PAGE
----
Based on the nutrition survey from 1998 and the nutrition report of the German Nutrition Society from 2012, it can be assumed that enough vitamin K is consumed with food in Germany.

Since newborns do not yet have sufficient vitamin K stores, they are dependent on a rapid vitamin K supply after birth. The nutrition commission of the German Society for Child and Adolescent Medicine (DGKJ) therefore recommend giving vitamin K to prevent bleeding in infants. However, these are medicinal products and not dietary supplements. Oral administration of 2 mg vitamin K three times as drops is recommended. The first dose takes place immediately after the birth as part of the preventive medical check-up U1.

Our tip:
With a varied diet that includes plenty of green plants, you get plenty of vitamin K and you don't have to worry about deficiency symptoms!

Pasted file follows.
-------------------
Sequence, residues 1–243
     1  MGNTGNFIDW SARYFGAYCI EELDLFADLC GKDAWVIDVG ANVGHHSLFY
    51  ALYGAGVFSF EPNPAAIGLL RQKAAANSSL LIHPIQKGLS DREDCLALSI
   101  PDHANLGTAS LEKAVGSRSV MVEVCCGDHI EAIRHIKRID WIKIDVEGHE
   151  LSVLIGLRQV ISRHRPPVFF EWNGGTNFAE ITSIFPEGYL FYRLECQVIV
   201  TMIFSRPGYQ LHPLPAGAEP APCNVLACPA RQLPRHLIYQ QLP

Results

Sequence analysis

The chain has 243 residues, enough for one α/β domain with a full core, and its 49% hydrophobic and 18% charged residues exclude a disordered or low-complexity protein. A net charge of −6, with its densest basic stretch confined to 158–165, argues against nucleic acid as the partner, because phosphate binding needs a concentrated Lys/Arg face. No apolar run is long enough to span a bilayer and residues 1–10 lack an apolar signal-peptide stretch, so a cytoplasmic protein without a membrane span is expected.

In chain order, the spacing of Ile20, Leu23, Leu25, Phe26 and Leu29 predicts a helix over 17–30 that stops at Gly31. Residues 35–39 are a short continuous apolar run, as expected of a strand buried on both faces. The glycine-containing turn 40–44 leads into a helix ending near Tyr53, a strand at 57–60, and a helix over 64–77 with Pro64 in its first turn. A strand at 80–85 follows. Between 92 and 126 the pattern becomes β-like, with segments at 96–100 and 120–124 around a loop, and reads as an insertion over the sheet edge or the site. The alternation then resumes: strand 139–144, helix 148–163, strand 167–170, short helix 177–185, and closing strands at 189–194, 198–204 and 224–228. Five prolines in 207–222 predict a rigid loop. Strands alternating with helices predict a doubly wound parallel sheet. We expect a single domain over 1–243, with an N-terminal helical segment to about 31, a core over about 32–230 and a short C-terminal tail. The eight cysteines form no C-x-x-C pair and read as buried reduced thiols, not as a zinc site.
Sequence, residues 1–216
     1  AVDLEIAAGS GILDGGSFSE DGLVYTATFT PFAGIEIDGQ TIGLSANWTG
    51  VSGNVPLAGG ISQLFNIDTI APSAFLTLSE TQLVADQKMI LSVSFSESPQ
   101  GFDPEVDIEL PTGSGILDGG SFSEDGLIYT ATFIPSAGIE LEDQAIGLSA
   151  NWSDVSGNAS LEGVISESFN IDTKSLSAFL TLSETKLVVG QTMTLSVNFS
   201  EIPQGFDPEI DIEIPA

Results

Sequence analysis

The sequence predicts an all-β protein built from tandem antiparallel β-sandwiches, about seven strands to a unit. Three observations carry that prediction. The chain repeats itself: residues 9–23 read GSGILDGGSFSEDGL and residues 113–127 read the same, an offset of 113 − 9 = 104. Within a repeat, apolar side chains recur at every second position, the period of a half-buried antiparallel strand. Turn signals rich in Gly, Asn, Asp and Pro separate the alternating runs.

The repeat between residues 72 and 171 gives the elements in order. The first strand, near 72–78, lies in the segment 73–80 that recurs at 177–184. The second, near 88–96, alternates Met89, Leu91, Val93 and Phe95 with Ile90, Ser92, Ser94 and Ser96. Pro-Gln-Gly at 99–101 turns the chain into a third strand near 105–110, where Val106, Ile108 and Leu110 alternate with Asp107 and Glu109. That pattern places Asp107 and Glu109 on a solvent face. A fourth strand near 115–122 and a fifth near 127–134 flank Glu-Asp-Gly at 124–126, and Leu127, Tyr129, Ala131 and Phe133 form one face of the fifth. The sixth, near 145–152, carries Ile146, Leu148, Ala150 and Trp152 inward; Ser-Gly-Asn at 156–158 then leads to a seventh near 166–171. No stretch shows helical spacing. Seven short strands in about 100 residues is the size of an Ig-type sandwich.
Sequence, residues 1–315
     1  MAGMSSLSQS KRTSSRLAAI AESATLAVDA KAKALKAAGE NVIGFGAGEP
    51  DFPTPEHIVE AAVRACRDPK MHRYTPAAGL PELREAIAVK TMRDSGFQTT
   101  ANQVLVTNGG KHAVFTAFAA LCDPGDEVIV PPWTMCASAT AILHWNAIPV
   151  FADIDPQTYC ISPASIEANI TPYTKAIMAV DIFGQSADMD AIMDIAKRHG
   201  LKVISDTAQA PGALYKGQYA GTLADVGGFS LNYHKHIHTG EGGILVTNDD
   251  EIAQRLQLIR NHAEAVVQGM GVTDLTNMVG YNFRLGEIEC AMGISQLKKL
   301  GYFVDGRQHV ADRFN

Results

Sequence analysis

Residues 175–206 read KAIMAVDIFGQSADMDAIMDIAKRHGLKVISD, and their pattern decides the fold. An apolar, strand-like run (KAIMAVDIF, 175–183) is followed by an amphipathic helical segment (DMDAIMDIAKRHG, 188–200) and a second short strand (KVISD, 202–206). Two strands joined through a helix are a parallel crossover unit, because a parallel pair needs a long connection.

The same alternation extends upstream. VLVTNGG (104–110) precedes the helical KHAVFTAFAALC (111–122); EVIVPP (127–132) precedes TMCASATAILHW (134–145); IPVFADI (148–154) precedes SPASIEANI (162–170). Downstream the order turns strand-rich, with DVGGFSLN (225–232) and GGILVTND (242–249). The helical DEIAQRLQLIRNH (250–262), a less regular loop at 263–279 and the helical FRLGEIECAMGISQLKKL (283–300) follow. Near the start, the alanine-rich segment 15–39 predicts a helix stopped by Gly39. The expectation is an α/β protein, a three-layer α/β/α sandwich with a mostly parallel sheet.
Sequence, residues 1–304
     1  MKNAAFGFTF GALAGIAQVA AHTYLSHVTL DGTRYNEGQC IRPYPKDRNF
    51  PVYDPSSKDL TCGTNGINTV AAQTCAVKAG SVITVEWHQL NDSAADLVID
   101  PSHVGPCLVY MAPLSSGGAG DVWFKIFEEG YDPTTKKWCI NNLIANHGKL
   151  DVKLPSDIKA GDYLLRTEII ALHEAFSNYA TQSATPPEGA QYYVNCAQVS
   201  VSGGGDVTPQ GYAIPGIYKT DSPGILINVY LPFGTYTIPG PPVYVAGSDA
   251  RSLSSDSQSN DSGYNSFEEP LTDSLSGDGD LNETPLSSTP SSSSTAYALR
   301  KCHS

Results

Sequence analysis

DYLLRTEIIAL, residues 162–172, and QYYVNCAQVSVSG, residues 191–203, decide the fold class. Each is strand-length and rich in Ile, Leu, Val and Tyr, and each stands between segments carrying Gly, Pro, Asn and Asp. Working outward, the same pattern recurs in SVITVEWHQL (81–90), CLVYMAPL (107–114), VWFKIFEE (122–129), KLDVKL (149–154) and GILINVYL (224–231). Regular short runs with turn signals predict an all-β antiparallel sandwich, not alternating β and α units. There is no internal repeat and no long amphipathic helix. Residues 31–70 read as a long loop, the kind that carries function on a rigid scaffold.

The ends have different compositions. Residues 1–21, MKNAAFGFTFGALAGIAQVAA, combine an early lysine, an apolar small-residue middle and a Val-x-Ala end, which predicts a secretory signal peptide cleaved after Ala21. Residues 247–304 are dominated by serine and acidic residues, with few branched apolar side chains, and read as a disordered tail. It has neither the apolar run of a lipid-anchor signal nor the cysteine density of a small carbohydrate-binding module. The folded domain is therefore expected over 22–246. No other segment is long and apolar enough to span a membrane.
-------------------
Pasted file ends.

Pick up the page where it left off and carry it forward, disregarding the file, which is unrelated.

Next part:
Swell:


BfR (2021): Updated maximum quantity proposals for vitamins and minerals in food supplements and fortified foods
Opinion No. 009/2021 of March 15, 2021

BfR (2021): Maximum amount proposals for vitamin K in foods including dietary supplements

Vitamin K Intake and Health by Dr. Alexandra Schek published in Nutrition in Focus (BZfE) 05-06 2018, accessed on May 29, 2020

Biesalski, H ../ Bischoff, S./Puchstein, C. (2010): Nutritional medicine, Georg Thieme Published by Stuttgart / New York.

German Nutrition Society, Austrian Nutrition Society, Swiss Nutrition Society (ed.) (2020): Vitamin K. In: Reference values ​​for nutrient intake, 2nd edition, 6th updated edition 2020, Köllen Druck + Verlag GmbH: Bonn

Network "Healthy in Life", accessed on May 29, 2020

Stahl, A./Heseker, H. (2011): Vitamin K: Physiology, Functions, Occurrence, Reference Values ​​and Supply in Germany, In: Ernahrung Umschau 3/11: 144-150

Vitamin K2 - the new "miracle vitamin" ?, Prof. Dr. rer. Nat. Martin Smollich, Deutsche Apotheker Zeitung, accessed on May 29, 2020